Koch addicts seek another hit

Matt K. Lewis Senior Contributor
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As The Washington Examiner reported last week, Bloomberg Markets appears to be on the verge of dropping a lengthy treatise on the Kansas-based energy conglomerate Koch Industries.

According to an individual interviewed by Bloomberg (who spoke to me on the condition of anonymity), much of the focus will likely be devoted to re-litigating past legal peccadilloes. But the piece may also reveal at least one previously unreported controversy: Koch Industries’ connection to the sale of petroleum industry equipment in Iran in the early-to-mid 2000s.

Koch currently has a policy prohibiting its subsidiaries from doing business in Iran, and the past sales (some of which likely involved state-owned Iranian companies) appear to have been conducted by a foreign subsidiary of a subsidiary of Koch.

Still, this comes on the heels of President Mahmoud Ahmadinejad’s speech to the UN General Assembly — and at a time when Tehran’s nuclear ambitions are receiving increased attention.

All of this, of course, means the story could provide political fodder to Koch’s political enemies — which are legion. (In 2005, you might recall, Halliburton, the company once run by former Vice President Dick Cheney, also came under fire for doing business in Iran.)

In reality, the revelation isn’t terribly newsworthy. While U.S. law bans American companies from making direct sales in Iran, foreign subsidiaries of multinational corporations may do so under certain circumstances. And many of them do.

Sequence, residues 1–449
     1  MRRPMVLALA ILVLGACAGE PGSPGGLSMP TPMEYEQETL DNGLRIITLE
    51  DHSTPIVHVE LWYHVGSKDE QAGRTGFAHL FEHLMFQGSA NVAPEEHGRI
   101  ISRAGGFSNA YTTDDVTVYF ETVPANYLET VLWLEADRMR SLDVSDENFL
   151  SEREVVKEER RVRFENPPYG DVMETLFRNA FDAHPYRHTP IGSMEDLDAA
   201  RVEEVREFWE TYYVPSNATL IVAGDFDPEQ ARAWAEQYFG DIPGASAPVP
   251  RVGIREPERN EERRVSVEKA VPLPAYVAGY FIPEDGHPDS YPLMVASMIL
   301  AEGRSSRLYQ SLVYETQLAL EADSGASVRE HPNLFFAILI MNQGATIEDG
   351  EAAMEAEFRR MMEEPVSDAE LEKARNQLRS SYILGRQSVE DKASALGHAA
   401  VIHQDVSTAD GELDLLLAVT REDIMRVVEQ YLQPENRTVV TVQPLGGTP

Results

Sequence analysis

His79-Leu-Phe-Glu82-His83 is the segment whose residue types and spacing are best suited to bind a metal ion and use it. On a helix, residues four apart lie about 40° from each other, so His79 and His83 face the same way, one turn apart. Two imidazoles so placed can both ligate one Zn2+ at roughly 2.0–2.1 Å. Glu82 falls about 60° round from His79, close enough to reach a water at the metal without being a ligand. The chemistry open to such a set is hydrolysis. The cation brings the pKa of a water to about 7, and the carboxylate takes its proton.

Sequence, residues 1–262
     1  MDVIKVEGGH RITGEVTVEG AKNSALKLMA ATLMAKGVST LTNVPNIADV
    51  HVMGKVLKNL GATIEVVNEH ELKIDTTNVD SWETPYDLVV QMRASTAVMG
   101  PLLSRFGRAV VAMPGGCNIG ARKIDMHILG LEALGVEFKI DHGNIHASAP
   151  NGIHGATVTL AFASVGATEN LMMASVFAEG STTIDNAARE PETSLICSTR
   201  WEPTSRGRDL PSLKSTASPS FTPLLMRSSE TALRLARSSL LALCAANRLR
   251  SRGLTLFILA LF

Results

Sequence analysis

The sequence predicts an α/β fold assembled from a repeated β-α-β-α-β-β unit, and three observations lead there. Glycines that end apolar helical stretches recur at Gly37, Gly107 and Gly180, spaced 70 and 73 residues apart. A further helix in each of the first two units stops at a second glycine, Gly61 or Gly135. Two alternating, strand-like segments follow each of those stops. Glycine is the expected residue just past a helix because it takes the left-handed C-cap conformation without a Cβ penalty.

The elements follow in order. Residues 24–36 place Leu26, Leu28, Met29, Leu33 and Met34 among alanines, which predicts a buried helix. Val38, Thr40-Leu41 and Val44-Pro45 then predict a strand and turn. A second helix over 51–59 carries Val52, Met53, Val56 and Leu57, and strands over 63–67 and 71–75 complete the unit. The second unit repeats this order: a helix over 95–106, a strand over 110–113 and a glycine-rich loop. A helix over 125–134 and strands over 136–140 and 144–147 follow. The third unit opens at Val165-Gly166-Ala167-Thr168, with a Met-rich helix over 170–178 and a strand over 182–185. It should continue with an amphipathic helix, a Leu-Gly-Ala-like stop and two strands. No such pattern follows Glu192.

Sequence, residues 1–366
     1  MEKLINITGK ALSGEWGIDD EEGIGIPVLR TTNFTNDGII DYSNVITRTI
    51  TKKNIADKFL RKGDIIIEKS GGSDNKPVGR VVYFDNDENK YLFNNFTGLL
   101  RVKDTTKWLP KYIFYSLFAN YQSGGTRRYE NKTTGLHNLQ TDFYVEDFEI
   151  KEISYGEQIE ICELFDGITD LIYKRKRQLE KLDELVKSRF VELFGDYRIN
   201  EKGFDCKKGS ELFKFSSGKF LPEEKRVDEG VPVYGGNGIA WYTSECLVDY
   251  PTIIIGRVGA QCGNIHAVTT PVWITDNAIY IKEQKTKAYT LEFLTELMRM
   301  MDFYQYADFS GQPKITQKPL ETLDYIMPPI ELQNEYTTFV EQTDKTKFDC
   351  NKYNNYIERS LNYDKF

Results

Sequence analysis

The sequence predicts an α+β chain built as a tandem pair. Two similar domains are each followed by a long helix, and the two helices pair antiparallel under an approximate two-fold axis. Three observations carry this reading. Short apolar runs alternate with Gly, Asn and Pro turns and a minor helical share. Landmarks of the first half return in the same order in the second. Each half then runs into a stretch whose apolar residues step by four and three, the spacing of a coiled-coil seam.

Dozens of multinational companies — including household names like General Electric, Exxon Mobil, Hewlett Packard, Caterpillar, and Honeywell — conducted business in Iran during the time period. For example, a 2010 New York Times analysis identified 74 corporations — many of whom received government contracts — that have conducted business in Iran over the last decade.

Regardless of whether or not one finds this troubling, the fact that the practice was ubiquitous raises an obvious question: Why is Bloomberg singling out Koch?

The answer seems pretty obvious.

Led by billionaire libertarian philanthropists Charles and David Koch, Koch Industries has, in recent years, become the subject of scrutiny and attacks — based primarily on their opposition to Obama administration economic policies.

Since Obama’s inauguration and the rise of the tea party, several media outlets have penned extensive spreads seeking to essentially cast The Kochs as the conservative version of George Soros. They’ve also been singled out for criticism — by name — by Obama Administration officials like former chief economist Austan Goolsbee.

And liberal groups have sought to demonize The Kochs (and the libertarian and conservative organizations they fund) by launching a series of attacks, including questioning their financial support of Wisconsin Governor Scott Walker, their alleged efforts to “kill public unions” in the state — and advancing the perfidious notion (perpetuated by ThinkProgress) that David Koch somehow had a conflict of interest on the issue of formaldehyde (because of his service on the National Cancer Advisory Board) — just to cite a few examples.

With this Bloomberg article apparently looming in the pipeline, and considering that Koch’s business activities were hardly unique, one can only be left wondering if this is yet another example of a politically motivated hit masquerading as news.

Matt K. Lewis